Return to righteous course; perchance that same will profit thee; * If bent on wilful aims and lewd I fain forswear thee, ah!"

When she had made an end of her writing this, she cast the writ from her hand in wrath, and the old woman picked it up and went with it to Ardashir. When he read it to the last he knew that she had not softened to him, but only redoubled in rage against him and that he would never win to meet her, so he bethought himself to write her an answer invoking Allah's help against her. Thereupon he indited these couplets,

"O Lord, by the Five Shaykhs, I pray deliver me * From love, which gars me bear such grief and misery.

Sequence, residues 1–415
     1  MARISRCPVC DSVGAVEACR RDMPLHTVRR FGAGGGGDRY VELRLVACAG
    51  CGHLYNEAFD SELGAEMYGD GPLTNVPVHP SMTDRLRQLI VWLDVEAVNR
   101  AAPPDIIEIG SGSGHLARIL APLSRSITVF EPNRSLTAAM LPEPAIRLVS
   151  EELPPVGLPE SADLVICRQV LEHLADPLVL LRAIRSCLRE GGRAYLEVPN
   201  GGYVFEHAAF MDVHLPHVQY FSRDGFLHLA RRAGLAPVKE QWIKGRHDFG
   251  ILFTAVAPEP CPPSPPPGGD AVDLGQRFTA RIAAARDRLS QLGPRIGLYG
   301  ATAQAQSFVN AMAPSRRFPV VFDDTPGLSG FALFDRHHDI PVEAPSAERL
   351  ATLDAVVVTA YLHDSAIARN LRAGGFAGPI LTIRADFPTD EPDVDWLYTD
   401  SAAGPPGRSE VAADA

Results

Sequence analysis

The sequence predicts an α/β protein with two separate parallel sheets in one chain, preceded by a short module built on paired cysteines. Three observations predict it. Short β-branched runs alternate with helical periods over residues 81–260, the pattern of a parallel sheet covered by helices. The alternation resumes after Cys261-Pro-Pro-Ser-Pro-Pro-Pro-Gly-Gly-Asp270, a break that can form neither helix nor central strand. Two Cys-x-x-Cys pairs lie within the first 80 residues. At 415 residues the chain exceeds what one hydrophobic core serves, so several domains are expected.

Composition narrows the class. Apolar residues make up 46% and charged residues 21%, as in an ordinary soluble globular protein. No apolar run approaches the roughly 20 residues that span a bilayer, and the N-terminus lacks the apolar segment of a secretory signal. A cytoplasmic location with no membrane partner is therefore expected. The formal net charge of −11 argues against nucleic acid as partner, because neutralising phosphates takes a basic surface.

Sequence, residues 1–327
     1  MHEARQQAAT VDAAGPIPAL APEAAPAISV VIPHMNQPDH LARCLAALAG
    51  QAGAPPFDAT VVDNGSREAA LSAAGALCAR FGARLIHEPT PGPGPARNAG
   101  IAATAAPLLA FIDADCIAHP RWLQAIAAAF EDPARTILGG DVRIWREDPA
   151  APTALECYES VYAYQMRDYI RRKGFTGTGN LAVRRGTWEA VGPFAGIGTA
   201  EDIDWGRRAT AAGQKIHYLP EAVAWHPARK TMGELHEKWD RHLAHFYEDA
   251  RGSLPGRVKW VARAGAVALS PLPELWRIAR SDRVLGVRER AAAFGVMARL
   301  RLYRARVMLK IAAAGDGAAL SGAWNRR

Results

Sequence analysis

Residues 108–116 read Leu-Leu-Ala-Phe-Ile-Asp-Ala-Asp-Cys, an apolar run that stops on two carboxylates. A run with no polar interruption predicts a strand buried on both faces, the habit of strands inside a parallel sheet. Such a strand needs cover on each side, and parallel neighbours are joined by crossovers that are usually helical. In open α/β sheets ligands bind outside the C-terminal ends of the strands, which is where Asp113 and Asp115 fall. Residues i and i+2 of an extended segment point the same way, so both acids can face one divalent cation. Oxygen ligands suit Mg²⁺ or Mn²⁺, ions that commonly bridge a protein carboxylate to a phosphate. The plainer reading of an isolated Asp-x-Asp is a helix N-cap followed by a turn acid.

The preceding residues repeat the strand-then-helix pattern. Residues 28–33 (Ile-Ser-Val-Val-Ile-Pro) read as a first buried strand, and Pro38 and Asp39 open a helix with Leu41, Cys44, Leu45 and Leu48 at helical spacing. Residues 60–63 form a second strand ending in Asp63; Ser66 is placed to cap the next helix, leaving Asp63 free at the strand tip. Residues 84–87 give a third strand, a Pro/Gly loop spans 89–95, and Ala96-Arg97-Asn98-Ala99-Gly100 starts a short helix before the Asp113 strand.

Thou knowest what I bear for passion's fiery flame; * What stress of sickness for that merciless maid I dree.
She hath no pity on the pangs to me decreed; * How long on weakly wight shall last her tyranny?
I am distraught for her with passing agonies * And find no friend, O folk! to hear my plaint and plea.
How long, when Night hath drooped her pinions o'er the world, * Shall I lament in public as in privacy?
For love of you I cannot find forgetfulness; * And how forget when Patience taketh wings to flee?
O thou wild parting-bird [FN#276] say is she safe and sure * From shift and change of time and the world's cruelty?"